Her family moved to Long Beach, Los Angeles, when she was a teenager, and she emerged as a fashion model thanks to an intriguing mixture of blonde hair and Cuban heritage. She was represented by the New York company Elite, the same super-agency that has showcased some of the world's most successful models, including Cindy Crawford, Gisele Bündchen and Heidi Klum.
At the tender age of 21, with no acting experience, she was cast opposite Jim Carrey in The Mask. The film grossed more than $US350 million, and Diaz's star was fired skyward. Since then, her story has been writ large from the book of Hollywood fairy tales, albeit one with a body of work that hints at a far broader range than your average cinema blonde – the campy, wry Charlie's Angels (2000), the gorgeous and emotional Shrek (2001) and Martin Scorsese's 2002 historical masterpiece Gangs of New York are just three of the highlights.
Actors, she agrees, are natural chameleons. But she concedes she puts a lot of herself into every performance. Which raises the question: if we have only ever known Cameron Diaz on the silver screen – as "Angel" Natalie Cook, Shrek's Princess Fiona or Jenny Everdeane from Gangs of New York – how much of the real Cameron Diaz have we actually seen? And is The Other Woman's Carly, a seemingly perfect California girl herself, more revealing than her predecessors?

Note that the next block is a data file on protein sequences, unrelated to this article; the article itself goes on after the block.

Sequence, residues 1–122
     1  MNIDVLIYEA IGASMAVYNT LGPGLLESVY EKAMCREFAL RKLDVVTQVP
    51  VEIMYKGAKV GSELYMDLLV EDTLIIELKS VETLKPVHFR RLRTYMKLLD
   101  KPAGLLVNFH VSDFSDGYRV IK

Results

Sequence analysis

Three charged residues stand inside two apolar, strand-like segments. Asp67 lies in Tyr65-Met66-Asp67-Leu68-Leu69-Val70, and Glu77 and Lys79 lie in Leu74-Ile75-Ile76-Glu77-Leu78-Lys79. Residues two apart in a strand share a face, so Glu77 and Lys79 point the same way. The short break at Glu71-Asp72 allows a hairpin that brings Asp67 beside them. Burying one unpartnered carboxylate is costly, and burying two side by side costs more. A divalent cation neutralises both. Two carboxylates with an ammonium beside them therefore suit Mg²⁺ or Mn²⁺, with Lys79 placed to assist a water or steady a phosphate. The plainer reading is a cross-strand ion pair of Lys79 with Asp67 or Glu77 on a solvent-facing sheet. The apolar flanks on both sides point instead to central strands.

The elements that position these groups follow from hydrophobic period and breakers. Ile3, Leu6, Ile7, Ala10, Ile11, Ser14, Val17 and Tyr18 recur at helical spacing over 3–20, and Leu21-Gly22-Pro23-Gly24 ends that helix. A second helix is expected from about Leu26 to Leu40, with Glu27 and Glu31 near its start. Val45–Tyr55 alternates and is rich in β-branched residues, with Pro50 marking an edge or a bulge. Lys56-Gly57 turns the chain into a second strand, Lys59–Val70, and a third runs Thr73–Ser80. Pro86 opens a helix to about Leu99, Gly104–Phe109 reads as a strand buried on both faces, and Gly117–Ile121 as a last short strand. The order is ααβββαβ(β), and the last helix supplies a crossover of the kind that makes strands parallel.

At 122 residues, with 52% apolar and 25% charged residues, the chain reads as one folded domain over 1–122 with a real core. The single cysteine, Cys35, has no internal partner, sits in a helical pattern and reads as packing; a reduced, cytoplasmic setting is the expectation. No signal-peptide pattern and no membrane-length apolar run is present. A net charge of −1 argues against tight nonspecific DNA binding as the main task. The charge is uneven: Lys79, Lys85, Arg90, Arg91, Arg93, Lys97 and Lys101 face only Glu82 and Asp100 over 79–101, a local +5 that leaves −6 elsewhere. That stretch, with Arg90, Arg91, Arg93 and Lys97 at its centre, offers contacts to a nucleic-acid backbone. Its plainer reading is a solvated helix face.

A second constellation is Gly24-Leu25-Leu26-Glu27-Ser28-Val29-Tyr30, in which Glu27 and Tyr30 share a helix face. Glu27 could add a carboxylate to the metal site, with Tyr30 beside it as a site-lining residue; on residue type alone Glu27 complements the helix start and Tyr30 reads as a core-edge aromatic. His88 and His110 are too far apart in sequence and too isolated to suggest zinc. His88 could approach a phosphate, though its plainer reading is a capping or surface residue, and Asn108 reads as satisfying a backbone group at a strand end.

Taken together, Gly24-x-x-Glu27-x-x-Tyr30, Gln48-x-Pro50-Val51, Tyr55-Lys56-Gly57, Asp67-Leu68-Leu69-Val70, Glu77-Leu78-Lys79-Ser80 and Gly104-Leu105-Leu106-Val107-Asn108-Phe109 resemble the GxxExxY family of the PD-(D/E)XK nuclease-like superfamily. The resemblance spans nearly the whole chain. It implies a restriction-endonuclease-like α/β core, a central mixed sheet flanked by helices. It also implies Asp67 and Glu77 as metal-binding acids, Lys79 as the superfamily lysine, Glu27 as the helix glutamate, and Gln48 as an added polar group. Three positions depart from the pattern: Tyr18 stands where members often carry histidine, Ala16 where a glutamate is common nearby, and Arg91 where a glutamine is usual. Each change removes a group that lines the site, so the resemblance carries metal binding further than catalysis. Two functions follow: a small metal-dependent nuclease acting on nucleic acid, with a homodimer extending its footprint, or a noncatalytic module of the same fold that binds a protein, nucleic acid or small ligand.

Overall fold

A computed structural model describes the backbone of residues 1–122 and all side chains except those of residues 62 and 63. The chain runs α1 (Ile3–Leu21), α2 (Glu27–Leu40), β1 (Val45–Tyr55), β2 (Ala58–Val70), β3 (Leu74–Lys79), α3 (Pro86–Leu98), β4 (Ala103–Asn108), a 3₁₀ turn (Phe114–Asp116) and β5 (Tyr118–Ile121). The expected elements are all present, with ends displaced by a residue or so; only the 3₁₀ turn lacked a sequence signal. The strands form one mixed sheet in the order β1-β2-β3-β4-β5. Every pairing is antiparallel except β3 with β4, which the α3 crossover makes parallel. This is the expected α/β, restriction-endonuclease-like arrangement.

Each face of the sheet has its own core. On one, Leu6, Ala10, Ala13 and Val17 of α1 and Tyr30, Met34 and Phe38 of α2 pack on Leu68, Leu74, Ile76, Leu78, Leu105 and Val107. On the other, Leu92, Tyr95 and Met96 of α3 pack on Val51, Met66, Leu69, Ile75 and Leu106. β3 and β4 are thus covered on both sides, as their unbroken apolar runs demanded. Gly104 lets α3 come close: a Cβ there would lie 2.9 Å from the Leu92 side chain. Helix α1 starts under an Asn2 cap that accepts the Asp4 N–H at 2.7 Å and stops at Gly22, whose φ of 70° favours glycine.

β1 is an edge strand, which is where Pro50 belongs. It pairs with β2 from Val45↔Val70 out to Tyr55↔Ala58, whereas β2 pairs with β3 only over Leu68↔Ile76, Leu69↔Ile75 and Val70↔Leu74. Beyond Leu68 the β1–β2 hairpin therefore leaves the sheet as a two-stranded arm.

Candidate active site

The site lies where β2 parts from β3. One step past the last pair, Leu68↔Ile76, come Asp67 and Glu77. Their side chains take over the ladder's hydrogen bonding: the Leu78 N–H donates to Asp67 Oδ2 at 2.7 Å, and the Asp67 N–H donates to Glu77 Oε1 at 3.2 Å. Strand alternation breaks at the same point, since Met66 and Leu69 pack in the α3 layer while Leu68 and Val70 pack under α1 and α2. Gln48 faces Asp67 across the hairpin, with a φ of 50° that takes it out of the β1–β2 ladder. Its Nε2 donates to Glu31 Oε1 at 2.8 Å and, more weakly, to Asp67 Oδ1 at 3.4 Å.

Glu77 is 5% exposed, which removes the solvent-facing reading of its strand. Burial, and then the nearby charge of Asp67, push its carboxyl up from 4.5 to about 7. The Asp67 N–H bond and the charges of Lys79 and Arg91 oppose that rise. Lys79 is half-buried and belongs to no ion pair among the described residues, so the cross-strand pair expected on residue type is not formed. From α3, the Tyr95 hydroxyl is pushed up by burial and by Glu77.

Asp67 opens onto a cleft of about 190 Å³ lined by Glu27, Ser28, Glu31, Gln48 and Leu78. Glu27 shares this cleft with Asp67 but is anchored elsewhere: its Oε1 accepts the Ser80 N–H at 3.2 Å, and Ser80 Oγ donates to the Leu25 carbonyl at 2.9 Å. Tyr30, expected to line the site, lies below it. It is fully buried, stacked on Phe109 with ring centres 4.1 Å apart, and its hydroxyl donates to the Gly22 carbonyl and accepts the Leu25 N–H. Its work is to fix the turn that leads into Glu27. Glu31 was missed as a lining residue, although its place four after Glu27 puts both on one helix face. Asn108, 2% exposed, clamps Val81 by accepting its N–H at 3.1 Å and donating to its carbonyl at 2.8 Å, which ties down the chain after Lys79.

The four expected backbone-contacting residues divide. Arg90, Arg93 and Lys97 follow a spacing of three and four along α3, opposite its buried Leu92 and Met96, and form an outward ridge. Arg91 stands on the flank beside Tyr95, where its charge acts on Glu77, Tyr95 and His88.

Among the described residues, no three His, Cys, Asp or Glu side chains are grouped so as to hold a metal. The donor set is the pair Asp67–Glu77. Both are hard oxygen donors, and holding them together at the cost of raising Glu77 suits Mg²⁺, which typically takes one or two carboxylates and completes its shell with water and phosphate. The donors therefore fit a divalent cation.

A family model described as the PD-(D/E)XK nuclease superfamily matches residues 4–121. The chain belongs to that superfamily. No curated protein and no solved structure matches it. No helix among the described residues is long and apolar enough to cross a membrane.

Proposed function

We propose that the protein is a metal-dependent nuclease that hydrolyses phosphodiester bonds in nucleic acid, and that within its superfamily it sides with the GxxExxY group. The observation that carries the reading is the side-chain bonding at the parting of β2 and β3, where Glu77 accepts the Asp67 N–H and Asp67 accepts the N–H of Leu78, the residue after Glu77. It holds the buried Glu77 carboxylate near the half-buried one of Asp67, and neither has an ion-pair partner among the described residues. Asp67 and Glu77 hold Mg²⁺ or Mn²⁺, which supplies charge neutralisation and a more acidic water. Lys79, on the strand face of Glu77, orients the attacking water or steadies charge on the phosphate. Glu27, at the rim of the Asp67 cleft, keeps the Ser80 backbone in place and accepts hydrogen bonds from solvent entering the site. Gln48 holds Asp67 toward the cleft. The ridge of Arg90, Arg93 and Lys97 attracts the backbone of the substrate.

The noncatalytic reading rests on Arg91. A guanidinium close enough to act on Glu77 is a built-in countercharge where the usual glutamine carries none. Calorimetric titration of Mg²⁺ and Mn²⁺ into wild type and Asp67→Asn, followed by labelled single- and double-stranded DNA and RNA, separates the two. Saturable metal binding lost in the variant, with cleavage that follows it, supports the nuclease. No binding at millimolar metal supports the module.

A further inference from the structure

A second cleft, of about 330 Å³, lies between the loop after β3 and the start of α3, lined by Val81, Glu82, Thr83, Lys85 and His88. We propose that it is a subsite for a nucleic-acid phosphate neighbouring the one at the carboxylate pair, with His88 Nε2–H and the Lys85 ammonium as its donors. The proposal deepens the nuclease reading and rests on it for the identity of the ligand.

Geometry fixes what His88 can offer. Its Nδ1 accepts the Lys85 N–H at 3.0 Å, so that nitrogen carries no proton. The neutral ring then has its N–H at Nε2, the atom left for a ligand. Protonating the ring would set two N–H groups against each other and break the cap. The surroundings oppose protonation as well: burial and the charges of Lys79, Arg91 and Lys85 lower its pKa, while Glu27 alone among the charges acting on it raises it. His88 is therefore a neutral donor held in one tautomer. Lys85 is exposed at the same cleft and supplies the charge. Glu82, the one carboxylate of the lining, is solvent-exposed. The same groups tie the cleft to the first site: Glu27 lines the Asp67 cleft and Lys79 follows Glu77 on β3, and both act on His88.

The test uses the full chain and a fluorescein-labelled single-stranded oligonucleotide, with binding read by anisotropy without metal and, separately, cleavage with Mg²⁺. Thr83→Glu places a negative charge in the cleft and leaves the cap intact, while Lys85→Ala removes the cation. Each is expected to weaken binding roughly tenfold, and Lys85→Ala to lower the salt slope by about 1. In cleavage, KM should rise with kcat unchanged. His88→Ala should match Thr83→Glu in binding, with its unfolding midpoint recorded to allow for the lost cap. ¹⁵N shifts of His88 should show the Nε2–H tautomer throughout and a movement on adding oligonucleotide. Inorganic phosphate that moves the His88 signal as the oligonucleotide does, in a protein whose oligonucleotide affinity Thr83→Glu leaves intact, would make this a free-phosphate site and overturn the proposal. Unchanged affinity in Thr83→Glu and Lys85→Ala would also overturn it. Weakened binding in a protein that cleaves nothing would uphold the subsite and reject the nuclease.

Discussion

"You could probably see parts of me in [all of those films]. But it's like anything, any character, any part that I play – you're seeing my understanding, my ability, whether limited or broad, of what that character is going through emotionally, psychologically," Diaz says. "Over the years, with life, experience and lessons that we learn, I am certain that if I got to do any of those performances over, I would do them completely differently."
The net result of those performances is that Diaz is one of the most successful film actresses in the world. In 2003, Charlie's Angels: Full Throttle helped push her through the $US20 million-per-picture barrier that only a handful of other actresses – think Julia Roberts and Sandra Bullock – have smashed. When Diaz is not working as an actress, she works with Iraq and Afghanistan veterans, supports environmental causes (such as endangered wildlife and clean energy), and is an advocate for community volunteering.
When you get cheated on, you have to move past it
Actor. Eco-warrior. Activist. It's an impressive list. She's just not sure she's a feminist. "I am not great with labels. I am not a person who likes to put labels on anyone," she says. "But in terms of what you can have and what you can't have, it's all relative. So, what are we fighting for? What do we want more of? If we are fighting to have what men have, is that really what we want?"